June 7-15, 2024

Water Week Action Steps

Dive in and take Action during Water Week!

We need clean water to fish, swim, and drink, but over half of Lancaster’s streams and rivers are polluted. The good news? We can solve this problem! As a community, we can each take three steps to clean up our waterways!

Create Habitat

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Protect Water

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Explore Outdoors

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Deep Dive

Create Habitat

Plant native trees, shrubs, and flowers to capture rainwater — the birds and the bees will thank you, too!

Native trees and plants play a huge role in keeping our streams and rivers healthy! They prevent runoff, protect the quality of our water, provide habitat for wildlife, and so much more! Whether you plant a tree, create a rain garden, or fill a window box with native flowers, you help keep our waterways clean!

Get Gardening →

Deep Dive

Protect Water

Clean up litter in your community to keep it from polluting local rivers and streams!

Water is essential to life. Our waterways do more than just provide us water to drink — they are also home to a complex web of plant and animal life. Help keep our water clean by picking up litter or pet waste, educating yourself about where your water goes after it disappears down the drain, or learning ways to change how you use water at home to improve the health of our rivers and streams!

  • Help keep combined sewer and storm drain systems from overflowing into our waterways by conserving water use during rainstorms. That load of laundry can wait!
  • Remove leaves and litter from storm drains before a rainstorm or snow melt.
  • Rethink your routines that use water. Wash your car at the carwash to keep soap from running off into streams and harming the aquatic life.
  • Ditch the lawn fertilizers and pesticides that make our streams and rivers inhabitable to many of the fish and insects that call them home. Hint: native plants are better adapted to our soils and climate and don’t need the extra help!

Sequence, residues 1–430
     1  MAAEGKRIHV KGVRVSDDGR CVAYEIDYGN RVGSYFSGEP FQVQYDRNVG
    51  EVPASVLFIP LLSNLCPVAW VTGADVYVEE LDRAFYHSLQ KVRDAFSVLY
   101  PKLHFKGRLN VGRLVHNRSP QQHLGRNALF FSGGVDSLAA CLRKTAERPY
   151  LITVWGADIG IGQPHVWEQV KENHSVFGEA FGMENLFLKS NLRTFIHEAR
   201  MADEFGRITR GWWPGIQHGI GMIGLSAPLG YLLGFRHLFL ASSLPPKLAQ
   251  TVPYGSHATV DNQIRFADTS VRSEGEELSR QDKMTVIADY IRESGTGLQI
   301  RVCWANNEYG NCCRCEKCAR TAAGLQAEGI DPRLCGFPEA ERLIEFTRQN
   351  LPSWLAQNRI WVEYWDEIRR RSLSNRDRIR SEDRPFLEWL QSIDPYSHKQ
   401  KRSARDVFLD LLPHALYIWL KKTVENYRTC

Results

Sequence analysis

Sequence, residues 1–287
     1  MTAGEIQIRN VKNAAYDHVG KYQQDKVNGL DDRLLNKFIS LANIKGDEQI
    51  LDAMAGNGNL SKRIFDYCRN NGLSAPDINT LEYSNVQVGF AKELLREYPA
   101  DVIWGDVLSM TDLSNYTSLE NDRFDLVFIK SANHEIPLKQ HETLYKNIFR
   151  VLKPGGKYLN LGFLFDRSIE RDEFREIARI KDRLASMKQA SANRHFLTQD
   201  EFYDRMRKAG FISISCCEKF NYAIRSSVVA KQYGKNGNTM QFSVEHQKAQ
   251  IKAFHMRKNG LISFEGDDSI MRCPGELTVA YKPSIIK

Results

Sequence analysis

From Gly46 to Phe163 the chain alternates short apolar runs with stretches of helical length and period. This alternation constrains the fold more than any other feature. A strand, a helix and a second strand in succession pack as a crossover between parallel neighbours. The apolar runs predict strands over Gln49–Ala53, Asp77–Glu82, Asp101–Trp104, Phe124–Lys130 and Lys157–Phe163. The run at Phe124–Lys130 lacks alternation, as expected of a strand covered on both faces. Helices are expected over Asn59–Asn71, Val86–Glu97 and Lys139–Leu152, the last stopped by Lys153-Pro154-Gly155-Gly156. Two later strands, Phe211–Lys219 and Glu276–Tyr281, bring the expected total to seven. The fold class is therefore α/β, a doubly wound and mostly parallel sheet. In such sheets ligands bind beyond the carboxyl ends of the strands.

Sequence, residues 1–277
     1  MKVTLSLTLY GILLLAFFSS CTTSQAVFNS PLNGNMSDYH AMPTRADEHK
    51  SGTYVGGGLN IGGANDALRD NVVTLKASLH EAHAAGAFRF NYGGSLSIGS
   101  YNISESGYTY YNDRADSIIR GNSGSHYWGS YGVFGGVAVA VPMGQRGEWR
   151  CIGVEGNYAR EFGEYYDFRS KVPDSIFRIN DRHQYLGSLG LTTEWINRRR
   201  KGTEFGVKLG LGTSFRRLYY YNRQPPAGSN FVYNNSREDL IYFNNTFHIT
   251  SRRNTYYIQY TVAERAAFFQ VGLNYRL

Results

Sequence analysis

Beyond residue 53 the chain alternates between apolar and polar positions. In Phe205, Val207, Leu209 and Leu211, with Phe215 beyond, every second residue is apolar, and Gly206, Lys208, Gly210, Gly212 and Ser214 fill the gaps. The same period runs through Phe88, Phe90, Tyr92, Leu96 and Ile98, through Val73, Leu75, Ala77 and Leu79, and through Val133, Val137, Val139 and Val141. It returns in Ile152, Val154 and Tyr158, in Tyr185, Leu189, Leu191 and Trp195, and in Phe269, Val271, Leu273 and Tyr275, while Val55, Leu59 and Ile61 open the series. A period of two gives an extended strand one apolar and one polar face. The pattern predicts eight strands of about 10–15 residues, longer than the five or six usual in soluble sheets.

• Get to know your farmer! Buy produce from local farmers who practice organic or no till farming, which helps keep our waterways clean.
Join the Water Week Community Cleanup →

Deep Dive

Explore Outdoors

Hike, paddle, fish, and explore the beautiful waterways and natural lands of Lancaster County!

Spending time in nature has an amazing impact on our physical and mental health! Explore the Lancaster Conservancy’s nature preserves and the streams and rivers they protect. Even as little as 20 minutes outdoors can reduce your stress and reconnect you with the beautiful waterways you pledge to help!

Climbers Run Nature Center
Home to the Conservancy’s Nature Center, this preserve beckons visitors to enjoy a picnic lunch by the historic barn, explore the hiking trails meandering through shady woodlands along an eastern brook trout stream, or watch for birds and other wildlife in the open meadows. Keep your eyes open for bluebirds, toads, painted turtles, skunk cabbage, wild turkey, and a diversity of wildlife and plants in every season.

Shenks Ferry Wildflower Preserve
Shenks Ferry is renowned as one of the most impressive wildflower sanctuaries in the eastern United States. Tucked into the river hills of southern Lancaster County, over 70 species of wildflowers and 50 species of birds make their home in this sheltered ravine cut by Grub Creek. This preserve has a relatively flat and smooth one-mile trail that makes it welcome to visitors not familiar with hiking.

Conoy Wetlands Nature Preserve
You can hike or bike the Northwest River Trail to reach this unique preserve situated along the Susquehanna River. The wetland and forest habitat make this a great place for bird watching. You can also visit what is thought to be the first publicly accessible forest garden in Pennsylvania! Discover how a farm field was restored to more natural floodplain habitat using native species that both produce food for wildlife and humans (if there is any left)!

Clark Nature Preserve
From the main parking area, you can begin a short hike out and back to a rocky cliff with an incredible view of the Susquehanna or a 2.4-mile loop hike named in honor of the late Ralph Goodno, former Lancaster Conservancy president. The hike through both preserves features pristine streams, beautiful wildflowers, and great opportunities for bird watching in two restored meadows.

Fishing Creek Nature Preserve
A public gravel road travels along and through (in three places) Fishing Creek, making this preserve easy to hike, bike, or even drive through! With towering hemlocks lining the steep-sided valley and shady pools for fishing, this is a great place to explore as a family!

Take a Hike! →

Thank you, 2023 Water Week Sponsors

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